Hardware UARTs are the way to go.


  4. A few comments have recommended chips that have bit-bang mode, but I don’t see anyone sharing tales of what they use it for. Surely there must be use cases out there?

    I’ve been trying to think of a place where I would have used bit banging if I had it but can’t really think of one. I have a Bus Pirate that I often use to test out new chips to ensure I understand the protocol before using them in a larger system. But that’s usually SPI or I2C and so that’s what Scott Harden is doing here with the FTDI chip (and Bus Pirate has a bitbang mode so that’s another solution to add to the list of chips).

    Anyone have a non-standard protocol they bit bang?

    1. My L-Star project uses a Propeller to bitbang a 6502 but because that takes up a lot of pins on the Propeller, it’s difficult to emulate some old computers because I simply run out of pins.

      My design uses an FTDI based Prop plug to communicate between the PC (needed to program the Propeller) and the project, but I’m thinking of replacing it with a PIC that has a USB interface and extra bitbang-capable pins. That way I can free up pins from the Propeller to emulate more computers. It’ll have to be a PIC though: FTDI still doesn’t make their chips in DIP format and I want to keep my design 100% through hole.


    2. We bitbang SWD to enable our main CPU to erase, reflash, reset etc a secondary MCU/radio-chip (an nRF52xx). For both production test, factory programming and subsequent field updates.

      1. Actually it should be fairly easy to bitbang an USB-serial adaptor that has more then the TX RX GND pins exposed, such as DTR, RTS, CTS, DI pins. I made a while back a simple program using the serial libs of linux to toggle a DTR pin:

        Those cp2102 based breakout boards have most of the pins exposed on the board.

        But I am pretty sure you could bitbang them faster with some libusb messages.

  5. I once used their ‘new’ VNC2 USB micro for a production test fixture. Turned out all our problems were caused by their buggy SPI implementation. It’s really not that hard to get right (speaking as an ex digital IC designer) but that issue killed the project and I never touched those parts again.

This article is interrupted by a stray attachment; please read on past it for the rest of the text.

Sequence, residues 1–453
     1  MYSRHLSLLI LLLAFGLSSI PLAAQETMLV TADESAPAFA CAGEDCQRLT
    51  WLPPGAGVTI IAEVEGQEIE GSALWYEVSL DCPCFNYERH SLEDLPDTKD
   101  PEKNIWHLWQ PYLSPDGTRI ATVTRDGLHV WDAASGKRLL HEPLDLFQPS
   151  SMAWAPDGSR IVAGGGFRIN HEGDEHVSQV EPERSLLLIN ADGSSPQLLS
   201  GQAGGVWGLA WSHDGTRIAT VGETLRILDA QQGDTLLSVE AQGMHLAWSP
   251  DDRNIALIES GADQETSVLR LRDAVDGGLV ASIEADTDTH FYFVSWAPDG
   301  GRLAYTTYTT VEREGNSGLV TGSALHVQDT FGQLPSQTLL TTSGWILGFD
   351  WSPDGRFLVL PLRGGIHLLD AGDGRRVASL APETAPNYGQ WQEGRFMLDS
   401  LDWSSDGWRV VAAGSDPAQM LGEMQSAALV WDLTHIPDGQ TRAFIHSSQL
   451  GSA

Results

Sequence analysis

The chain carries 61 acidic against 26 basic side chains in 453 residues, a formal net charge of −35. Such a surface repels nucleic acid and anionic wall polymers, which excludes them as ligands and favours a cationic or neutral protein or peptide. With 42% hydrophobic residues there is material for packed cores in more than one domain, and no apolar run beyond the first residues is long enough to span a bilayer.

6. Why not consider the Exar XR22802? It has a very low latency HID interface, which works fine under Linux. The ethernet driver can be disabled in firmware to reduce power consumption. We used the MCP2210 in the past, which is slow. FTDI chipsets were not considered because of their custom linux drivers.

  7. Maybe the dumbest one if you need to control timing from something that runs a real opsys (linux, pi, PC, MAC) that won’t bitbang- I just use an arduino, the chinesium sort, dirt cheap and realtime as I wish with my little cooperative multitasking system (which is less fancy than the name). OK, it’s big, but I’m doing infrastructure stuff anyway. I used to be a super PIC fan and designed them into product for myself and others, but Arduino is just a no-brainer anymore. ~~$4 and 30 minutes tops with a bog standard USB to talk to the host in the host’s timing while I do realtime in the Atmel? Beat that and I’m listening.

  8. I will *NEVER* *EVER* buy anything with FTDI in it (if I can avoid it). I had a student lab with 30+ arduino nano clones which stopped working after the infamous driver update (and no, sorry, how am I supposed to know if a chip marked FTDI is legit or not?). Yes, I eventually was able to fix things, but anytime any of these was connected to a different windoze machine things went badly. Too much time to fix things. Eventually just gave all of them away and got the chinese clones which are cheaper and work better. #neverFTDI